2– Stopping or decreasing milk products? In my opinion decreasing consumption of milk is usually enough and it is not necessary to eliminate all milk products (cheese, yogurts, pizza act.). I do agree that opinions are diverse, and each case must be examined separately. Remember that if you avoid milk and milk products, you should consider supplementing vitamin D and calcium to the mother.

What if the mother wants to stop or decrease breast feeding?

In those cases, the baby should start with elemental or semi-elemental formula. You may read here on all types of baby formulas.

What are the latest guidelines on developed by the ESPGHAN (European Society for Pediatric Gastroenterology and Nutrition) and what are their implications?

In July 2023 the European Society for Pediatric Gastroenterology and Nutrition published new guidelines on the investigation and treatment of infants with suspected cow’s milk protein allergy, both to those who are formula-fed and those who are breastfed.

The information previously published on my website with regards to this topic has not changed, but the society has released a major change to their guidelines.

Since there has been an over-diagnosis of this medical condition in recent years, and because this over-diagnosis may lead to problems in those infants who are falsely diagnosed, the society recommends a re-evaluation of the diagnosis 2-4 weeks following the mother’s introduction of a dairy-free diet.

If, after 2-4 weeks, the infant does not improve – a different diagnosis or different possible allergens in the mother’s diet are to be considered. Okay, well this part isn’t new.

If the infant does improve after 2-4 weeks – the mother is to return to a regular diet (including dairy products) in order to see whether the infant’s symptoms recur (abdominal pain and mucousy stool). If these symptoms do not recur, this suggests that the initial diagnosis was false. If the symptoms do recur, the initial diagnosis of cow’s milk allergy is confirmed, and the parents are to return to elemental or semi-elemental formola feedings.

So, what do I think about all of this? Do I agree that there is an over-diagnosis of cow’s milk allergy? I would assume so. But does it make sense to make more changes after the infant has already improved just to confirm the diagnosis? I am not so sure about that part…

Would I ask a mother to stop giving her child who has an ear infection their antibiotics 3 days later in order to see whether the pain recurs? Absolutely not. If I have diagnosed an ear infection the full course of treatment (7 days) should be completed.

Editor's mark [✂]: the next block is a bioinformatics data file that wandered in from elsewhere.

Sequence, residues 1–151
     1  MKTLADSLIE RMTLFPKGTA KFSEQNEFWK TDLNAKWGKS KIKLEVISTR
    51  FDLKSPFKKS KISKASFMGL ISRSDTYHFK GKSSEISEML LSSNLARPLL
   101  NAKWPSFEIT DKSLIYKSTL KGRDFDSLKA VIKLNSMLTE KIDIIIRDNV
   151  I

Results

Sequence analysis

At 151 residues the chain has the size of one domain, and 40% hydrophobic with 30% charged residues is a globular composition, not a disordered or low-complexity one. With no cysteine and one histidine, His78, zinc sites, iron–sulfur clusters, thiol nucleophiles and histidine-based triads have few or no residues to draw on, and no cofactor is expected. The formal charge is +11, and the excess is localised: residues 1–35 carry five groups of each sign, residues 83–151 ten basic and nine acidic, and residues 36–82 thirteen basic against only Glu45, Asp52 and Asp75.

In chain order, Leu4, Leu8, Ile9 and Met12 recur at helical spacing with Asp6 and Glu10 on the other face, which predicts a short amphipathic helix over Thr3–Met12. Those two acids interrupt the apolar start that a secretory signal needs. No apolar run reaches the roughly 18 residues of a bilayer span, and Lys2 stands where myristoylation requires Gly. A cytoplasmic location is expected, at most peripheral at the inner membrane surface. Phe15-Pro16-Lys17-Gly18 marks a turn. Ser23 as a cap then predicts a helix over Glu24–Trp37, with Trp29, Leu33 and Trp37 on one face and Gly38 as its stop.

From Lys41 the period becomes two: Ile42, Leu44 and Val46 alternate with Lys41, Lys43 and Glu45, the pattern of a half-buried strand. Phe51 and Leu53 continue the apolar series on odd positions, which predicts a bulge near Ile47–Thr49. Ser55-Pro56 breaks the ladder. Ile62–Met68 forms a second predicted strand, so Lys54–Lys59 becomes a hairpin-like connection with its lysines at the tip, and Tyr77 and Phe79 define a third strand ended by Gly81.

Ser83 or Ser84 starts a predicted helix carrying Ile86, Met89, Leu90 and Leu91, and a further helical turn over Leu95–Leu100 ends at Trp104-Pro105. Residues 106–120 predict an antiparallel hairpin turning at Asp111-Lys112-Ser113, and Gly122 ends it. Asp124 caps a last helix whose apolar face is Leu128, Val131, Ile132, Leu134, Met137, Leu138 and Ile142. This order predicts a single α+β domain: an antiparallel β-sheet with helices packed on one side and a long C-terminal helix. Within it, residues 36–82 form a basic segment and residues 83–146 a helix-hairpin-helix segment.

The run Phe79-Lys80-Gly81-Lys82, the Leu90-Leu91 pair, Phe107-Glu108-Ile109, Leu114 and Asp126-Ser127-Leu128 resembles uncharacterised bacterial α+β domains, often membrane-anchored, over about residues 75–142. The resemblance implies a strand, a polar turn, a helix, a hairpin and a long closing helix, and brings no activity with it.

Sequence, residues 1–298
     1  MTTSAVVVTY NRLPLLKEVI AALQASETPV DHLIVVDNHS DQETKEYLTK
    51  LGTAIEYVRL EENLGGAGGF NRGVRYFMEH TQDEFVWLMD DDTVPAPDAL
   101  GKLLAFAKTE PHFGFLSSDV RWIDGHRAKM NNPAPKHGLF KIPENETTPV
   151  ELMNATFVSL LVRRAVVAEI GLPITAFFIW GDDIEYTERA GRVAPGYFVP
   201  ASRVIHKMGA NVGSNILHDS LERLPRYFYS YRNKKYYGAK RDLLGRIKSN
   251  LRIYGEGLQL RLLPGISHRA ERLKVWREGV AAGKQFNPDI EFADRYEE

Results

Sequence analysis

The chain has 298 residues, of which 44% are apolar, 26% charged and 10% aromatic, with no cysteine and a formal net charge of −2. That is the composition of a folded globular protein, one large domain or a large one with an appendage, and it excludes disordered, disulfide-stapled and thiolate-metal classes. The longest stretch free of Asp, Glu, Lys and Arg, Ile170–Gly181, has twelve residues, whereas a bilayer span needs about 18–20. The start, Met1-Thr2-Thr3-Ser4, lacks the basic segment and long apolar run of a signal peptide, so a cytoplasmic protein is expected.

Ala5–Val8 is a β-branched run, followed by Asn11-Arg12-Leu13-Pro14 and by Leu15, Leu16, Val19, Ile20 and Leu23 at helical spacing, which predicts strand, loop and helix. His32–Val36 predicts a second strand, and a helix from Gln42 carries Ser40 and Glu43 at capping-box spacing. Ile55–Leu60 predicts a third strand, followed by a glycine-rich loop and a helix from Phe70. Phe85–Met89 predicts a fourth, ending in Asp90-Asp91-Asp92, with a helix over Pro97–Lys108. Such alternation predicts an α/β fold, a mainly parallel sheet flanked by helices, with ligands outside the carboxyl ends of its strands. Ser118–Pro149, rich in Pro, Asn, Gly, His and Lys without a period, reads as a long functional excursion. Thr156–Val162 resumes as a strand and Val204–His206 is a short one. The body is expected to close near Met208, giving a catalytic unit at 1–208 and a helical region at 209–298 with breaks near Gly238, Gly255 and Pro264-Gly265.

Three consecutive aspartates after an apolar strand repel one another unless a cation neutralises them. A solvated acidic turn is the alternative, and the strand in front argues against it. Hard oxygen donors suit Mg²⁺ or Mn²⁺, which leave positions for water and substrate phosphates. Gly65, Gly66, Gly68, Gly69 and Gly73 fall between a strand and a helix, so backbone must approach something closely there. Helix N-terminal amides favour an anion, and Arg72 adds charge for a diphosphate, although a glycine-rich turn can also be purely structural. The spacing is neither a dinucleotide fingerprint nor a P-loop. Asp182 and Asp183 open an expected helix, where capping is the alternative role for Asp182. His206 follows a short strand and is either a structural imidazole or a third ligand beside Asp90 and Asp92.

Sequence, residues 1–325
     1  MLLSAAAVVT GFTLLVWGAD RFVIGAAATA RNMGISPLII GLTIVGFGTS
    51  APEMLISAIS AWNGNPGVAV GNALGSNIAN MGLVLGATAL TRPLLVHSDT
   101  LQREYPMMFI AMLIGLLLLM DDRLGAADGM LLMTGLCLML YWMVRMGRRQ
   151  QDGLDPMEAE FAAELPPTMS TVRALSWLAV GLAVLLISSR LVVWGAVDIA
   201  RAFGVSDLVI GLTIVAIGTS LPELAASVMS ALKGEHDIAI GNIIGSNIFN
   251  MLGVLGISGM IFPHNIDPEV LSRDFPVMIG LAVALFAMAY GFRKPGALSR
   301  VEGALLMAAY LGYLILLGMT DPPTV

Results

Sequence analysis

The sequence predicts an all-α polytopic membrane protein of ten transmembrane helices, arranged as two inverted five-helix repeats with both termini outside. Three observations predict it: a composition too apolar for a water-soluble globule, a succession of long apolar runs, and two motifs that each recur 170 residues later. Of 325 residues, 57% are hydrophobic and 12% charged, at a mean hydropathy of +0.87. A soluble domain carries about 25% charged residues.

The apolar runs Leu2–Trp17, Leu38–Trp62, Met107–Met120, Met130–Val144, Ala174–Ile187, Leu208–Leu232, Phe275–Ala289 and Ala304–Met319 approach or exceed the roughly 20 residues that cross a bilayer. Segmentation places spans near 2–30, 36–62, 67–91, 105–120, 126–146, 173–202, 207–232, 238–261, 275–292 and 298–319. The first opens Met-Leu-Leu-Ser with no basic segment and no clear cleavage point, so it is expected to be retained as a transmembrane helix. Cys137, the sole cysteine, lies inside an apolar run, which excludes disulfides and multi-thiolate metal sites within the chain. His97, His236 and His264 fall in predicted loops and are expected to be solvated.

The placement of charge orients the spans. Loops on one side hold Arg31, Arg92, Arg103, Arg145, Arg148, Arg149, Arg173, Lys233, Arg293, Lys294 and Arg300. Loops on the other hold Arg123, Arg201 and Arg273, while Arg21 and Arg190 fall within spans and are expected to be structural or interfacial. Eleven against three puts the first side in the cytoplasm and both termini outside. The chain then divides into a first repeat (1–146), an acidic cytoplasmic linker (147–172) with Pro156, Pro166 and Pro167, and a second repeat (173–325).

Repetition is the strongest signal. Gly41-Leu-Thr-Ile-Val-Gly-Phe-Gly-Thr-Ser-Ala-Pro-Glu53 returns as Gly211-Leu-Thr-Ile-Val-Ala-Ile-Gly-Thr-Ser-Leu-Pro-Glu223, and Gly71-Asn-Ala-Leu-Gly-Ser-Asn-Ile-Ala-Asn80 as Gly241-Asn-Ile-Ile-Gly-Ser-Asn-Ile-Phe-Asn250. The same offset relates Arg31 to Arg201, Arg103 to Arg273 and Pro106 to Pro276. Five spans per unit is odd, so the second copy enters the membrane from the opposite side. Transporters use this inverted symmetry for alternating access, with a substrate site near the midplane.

I guess we will just have to wait and see whether or not parents and physicians accept this new, unusual guideline recommendation.

What about starting solids in breast fed babies and food sensitivity?

It is really important that you read the post about starting solids, and start and progress from an early age. In this way, you will lower the chance of sensitivity to other food types.

Will the baby always be sensitive to milk?

I am happy to say, that in most cases this sensitivity passes until the baby is 1 year old.
I would like to remind you of these two approaches:
1– Strict and meticulous: no exposer to milk until the baby is 1 year old, and that preforming skin prick test and examination by an allergy doctor.
2– Easy breezy: around the age of 9 months, start giving the baby milk products (not regular cow milk). In the beginning using baked milk (for example in baked goods, like muffins, cakes etc.), while monitoring abdominal pain and stools. Later on trying yogurts and milk based puddings. An allergic doctor consultation is required only if there are recurring symptoms.
I suggest that the decision on returning to cow milk based foods, as well as exposer to milk products ahead, will be done after consulting with your attending physician. In my opinion, an allergic doctor consult is not necessary in simple cases.

Thank you for your time, and for reading this post.

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2 Responses
  1. Shira

    Thank you so much for the incredibly calming article about fully breastfed babies and cow milk allergy. My son is 12 weeks old with on and off mucus like poop and some traces of blood, sometimes it will be in each diaper for a day and sometimes it will not happen for days. The doctor told us to stop breastfeeding and only give him nutramigen. My son is 100% breastfed and will not eat it! I breastfed him after 40 minutes of screaming, crying and throw up. I will be stopping any cow milk and peanuts till he is no longer breastfeeding, my question is, should I stop breastfeeding him all at once? Or can I continue breastfeeding and avoiding those allergy prone foods?

    • Dr. Efi

      Dear Shira,

      Yes, it sounds like milk protein allergy in a breastfeeding baby. In my practice I recommend on stopping breast feeding only in severe and rare cases. This is not such a case.

      My suggestion in not to change the breastfeeding. Less milk for you and start solid food at the age of 4 months.

      Please update me…
      Dr. Efi